How real time malvertising solutions work

If your’e browsing the web without a decent ad blocking solution (what are you, nut?!) chances are you’ve experienced the following scenario: you browse a legitimate website of a well known reputable brand,  and all of the sudden your’e redirected into another website, asking you to install software update, or alerting you that your’e infected with malware and asks you to install a solution or call tech support, or says something like “CONGRATULATIONS, DEAR AMAZON USER!”.

All of these examples are instances of malvertising, the practice of bad advertisers targeting innocent end users via delivering malicious ad payload though the adtech supply chain into legitimate websites. As I wrote before:

“Malvertising” is the compound of malicious and advertising. In this model, we have benign publishers and users being defrauded by malicious advertisers, which usually uses social engineering techniques in order to make users install malware, call tech support scams or many other nasty things.

I personally think that the mortal sin of the adtech industry is not turning a blind eye on bot traffic that cause financial loss to big brand advertisers, but rather turning a blind eye on malware distribution operations that compromise innocent end users.

Over the past years, malvertising has been a growing concern for both publishers and users. The first generation of malvertising detection solutions designed as “bot farms”, i.e., an army of bots pretending to be real users, that scans the publisher’s website and flags malicious ads.

This design works fine, but it has several serious drawbacks:

  • After detection, the publisher need to remove the offending ad tag. This introduces adops overhead and also prevents legitimate ads from the same tag from being served, potentially decreasing revenue.
  • Potentially low overlap between ads served to the scanners and ads served to actual website users, especially in the RTB and header bidding era.
  • Many users are affected until the scanner hits the right combination of targeting set parameters and finds the offending ad tag.
  • Malvertisers abusing bot detection technology to cloak the bad ads and pretend legit when scanned.

So, another solution is needed. Second generation solutions arrived to the market around 3 years ago, featuring real-time malvertising detection and prevention. These solutions are designed as JS tag that served to the client side along with the untrusted, ad party ad creative. The fundamental observation is that client side JS code can monitor the run-time behavior of another JS code running in the same execution context.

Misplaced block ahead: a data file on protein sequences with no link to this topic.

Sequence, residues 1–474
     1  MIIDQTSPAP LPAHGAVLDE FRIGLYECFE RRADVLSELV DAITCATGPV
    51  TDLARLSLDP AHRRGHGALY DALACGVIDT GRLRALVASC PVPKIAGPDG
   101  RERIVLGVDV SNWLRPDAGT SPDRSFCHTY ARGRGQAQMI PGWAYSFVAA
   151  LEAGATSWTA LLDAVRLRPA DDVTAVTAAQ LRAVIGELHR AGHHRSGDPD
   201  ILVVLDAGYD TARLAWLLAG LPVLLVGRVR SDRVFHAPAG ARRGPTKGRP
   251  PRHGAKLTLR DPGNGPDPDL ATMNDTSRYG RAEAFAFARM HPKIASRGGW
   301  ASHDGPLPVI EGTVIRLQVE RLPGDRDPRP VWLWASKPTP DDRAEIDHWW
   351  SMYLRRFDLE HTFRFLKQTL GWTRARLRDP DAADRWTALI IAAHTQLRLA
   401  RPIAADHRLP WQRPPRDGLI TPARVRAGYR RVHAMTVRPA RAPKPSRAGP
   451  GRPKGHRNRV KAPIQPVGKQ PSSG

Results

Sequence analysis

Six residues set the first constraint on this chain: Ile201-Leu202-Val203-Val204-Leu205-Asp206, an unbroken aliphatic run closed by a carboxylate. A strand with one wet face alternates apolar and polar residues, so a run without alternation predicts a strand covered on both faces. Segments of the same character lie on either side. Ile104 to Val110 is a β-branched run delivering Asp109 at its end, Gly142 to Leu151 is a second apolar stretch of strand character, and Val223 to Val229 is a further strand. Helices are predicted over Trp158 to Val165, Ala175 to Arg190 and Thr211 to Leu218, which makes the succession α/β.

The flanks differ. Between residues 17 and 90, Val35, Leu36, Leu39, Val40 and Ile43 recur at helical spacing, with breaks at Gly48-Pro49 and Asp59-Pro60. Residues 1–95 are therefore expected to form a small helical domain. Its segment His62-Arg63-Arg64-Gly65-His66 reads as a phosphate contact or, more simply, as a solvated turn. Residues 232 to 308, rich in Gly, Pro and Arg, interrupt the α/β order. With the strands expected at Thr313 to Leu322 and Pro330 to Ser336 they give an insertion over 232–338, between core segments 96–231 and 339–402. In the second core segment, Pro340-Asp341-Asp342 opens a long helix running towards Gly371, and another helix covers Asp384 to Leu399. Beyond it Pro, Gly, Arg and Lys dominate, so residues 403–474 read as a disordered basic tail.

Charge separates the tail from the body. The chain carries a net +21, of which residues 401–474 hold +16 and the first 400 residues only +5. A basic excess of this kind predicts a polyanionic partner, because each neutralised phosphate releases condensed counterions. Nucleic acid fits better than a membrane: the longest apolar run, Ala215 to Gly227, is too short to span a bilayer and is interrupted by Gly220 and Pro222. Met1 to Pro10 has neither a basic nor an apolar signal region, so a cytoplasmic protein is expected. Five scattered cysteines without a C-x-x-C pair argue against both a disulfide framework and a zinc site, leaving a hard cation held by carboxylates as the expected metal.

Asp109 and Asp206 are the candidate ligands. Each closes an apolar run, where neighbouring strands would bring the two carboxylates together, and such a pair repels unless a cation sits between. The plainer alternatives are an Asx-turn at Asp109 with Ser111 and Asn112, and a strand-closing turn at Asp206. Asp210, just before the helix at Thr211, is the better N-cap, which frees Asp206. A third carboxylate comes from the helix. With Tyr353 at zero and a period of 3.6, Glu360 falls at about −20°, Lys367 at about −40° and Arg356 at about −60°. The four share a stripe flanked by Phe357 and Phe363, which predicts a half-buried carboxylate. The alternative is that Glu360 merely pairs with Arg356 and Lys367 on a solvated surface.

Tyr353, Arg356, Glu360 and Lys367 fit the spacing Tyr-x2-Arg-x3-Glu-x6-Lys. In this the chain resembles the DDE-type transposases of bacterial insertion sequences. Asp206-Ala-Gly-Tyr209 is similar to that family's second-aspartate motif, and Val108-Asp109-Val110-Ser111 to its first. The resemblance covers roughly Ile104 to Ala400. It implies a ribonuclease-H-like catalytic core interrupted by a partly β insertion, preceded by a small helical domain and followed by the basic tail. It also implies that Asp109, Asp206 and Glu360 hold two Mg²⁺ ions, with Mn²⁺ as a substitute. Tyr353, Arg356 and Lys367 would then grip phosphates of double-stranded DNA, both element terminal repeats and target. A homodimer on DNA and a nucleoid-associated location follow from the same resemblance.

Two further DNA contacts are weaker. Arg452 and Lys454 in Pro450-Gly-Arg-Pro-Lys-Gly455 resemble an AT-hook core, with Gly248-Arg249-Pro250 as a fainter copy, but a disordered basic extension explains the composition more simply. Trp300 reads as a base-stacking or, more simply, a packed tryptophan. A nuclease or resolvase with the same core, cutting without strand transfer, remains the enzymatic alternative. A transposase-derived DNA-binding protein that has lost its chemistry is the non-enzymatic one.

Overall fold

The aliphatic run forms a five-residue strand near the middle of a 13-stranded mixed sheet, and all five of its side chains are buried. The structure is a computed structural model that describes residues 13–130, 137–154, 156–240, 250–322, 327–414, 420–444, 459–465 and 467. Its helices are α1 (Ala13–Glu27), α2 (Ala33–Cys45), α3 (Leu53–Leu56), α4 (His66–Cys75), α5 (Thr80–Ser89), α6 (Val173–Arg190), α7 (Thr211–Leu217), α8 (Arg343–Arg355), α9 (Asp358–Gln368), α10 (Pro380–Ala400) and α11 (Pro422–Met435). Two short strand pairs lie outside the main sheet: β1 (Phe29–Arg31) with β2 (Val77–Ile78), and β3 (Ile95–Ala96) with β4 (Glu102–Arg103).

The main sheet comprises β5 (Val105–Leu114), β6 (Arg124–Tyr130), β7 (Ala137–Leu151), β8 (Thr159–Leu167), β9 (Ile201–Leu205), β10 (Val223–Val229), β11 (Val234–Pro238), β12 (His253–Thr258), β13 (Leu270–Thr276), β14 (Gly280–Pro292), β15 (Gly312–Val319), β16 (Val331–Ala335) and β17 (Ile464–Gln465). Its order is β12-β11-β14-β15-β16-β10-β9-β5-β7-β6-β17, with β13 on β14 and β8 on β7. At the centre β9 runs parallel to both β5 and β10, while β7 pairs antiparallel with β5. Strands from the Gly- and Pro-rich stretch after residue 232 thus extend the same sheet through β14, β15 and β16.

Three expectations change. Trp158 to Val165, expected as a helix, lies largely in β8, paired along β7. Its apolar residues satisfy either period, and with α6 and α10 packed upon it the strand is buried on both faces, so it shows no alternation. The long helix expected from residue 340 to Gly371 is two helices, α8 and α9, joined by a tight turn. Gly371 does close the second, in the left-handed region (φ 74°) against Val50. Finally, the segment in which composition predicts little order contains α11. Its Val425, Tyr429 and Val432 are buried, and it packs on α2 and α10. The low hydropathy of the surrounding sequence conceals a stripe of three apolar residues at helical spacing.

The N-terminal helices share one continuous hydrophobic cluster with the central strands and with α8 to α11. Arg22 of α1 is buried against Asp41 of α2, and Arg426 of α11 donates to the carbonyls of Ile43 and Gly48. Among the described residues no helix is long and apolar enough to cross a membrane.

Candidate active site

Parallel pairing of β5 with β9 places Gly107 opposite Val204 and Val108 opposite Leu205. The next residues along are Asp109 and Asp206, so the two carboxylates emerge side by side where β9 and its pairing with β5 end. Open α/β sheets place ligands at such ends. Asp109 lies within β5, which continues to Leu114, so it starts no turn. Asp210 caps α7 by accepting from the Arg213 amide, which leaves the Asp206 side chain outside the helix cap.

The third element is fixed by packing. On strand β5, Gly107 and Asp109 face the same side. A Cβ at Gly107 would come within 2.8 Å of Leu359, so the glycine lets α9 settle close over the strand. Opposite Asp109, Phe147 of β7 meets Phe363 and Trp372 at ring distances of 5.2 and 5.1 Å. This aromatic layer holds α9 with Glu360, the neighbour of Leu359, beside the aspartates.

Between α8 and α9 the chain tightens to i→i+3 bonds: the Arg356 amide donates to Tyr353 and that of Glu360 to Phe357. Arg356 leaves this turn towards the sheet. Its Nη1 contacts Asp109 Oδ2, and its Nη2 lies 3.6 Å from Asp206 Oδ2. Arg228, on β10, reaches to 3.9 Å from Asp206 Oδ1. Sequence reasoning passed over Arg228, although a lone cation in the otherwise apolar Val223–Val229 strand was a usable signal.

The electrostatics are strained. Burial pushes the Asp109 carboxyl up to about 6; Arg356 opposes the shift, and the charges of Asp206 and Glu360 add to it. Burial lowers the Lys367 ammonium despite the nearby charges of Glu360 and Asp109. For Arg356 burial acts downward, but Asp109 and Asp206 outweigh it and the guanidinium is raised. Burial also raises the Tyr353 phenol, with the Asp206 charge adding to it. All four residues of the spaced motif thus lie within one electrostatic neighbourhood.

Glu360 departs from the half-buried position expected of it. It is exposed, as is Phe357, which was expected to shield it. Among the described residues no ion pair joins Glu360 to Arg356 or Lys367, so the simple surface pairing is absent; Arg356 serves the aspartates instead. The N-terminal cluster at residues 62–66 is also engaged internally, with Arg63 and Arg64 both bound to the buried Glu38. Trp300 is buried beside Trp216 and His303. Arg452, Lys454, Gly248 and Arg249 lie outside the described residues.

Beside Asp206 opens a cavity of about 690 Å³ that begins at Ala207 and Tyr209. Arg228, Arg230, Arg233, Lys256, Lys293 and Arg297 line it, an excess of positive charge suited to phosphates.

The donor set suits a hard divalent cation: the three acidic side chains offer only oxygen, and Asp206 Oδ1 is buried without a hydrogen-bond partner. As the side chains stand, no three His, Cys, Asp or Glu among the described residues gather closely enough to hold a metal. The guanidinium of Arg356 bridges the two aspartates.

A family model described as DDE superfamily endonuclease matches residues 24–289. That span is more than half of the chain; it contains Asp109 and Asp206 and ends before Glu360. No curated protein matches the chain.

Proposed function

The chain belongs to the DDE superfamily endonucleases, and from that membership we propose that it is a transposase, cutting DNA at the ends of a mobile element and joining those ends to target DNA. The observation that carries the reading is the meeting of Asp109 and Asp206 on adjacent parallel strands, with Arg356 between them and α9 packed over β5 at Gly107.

The benefits of this design are clear:

  • Blocking the bad ad from the first detected impression, so there’s no time window where users are affected.
  • No need to shut the entire tag tag down, so no adops overhead is introduced and revenue from legitimate ads keep flowing.
  • The detection runs inside the actual user’s browser, so there’s perfect overlap so ads observed vs ads served to users.
  • The detection runs inside the actual user’s browser, so there’s no need to run multiple expensive scans in order to hit the right combination of targeting set parameters that serves the bad ad.
  • The detection runs inside the actual user’s browser, so bot detection technology won’t help the malvertisers with cloaking.

So, how these solutions work?

As I said, the fundamental observation they are based on is that one JS code can monitor the run time behavior (aka dynamically analyze) of another JS code running in the same execution context, though tampering, aka monkey-patching, overriding, instrumenting, augmenting, hooking and decorating, call it however you want, the basic idea is the same.

The monitoring script needs to tamper with the JS and / or DOM environment in a way that allows it to inspect “interesting” operations and decide weather or not to allow them.

So first we need to define “interesting” operations. One of the fundamentals is DOM manipulations, i.e., adding, mutating or removing nodes to / from the DOM tree. This is how you add a new script, for example, which is pretty much a required part of initiating any malvertising logic. The very frequently used appendChild method is one of many methods to manipulate the DOM by adding a new node into a given node.

For example, let say we have a malvertising script that looks like this:

let script = document.createElement('script');
script.code = 'doEvil();';

We can monitor it by tampering with the appendChild method:

// save reference to the original appnedChild
let _appendChild = Node.prorotoype.appendChild;

// override appendChild with monitoring logic
Node.prorotoype.appendChild = function (newNode) {
	if (isEvil(newNode)) {
                // if isEvil returns true, terminate
	} else {
                // otherwise, complete the DOM manipulation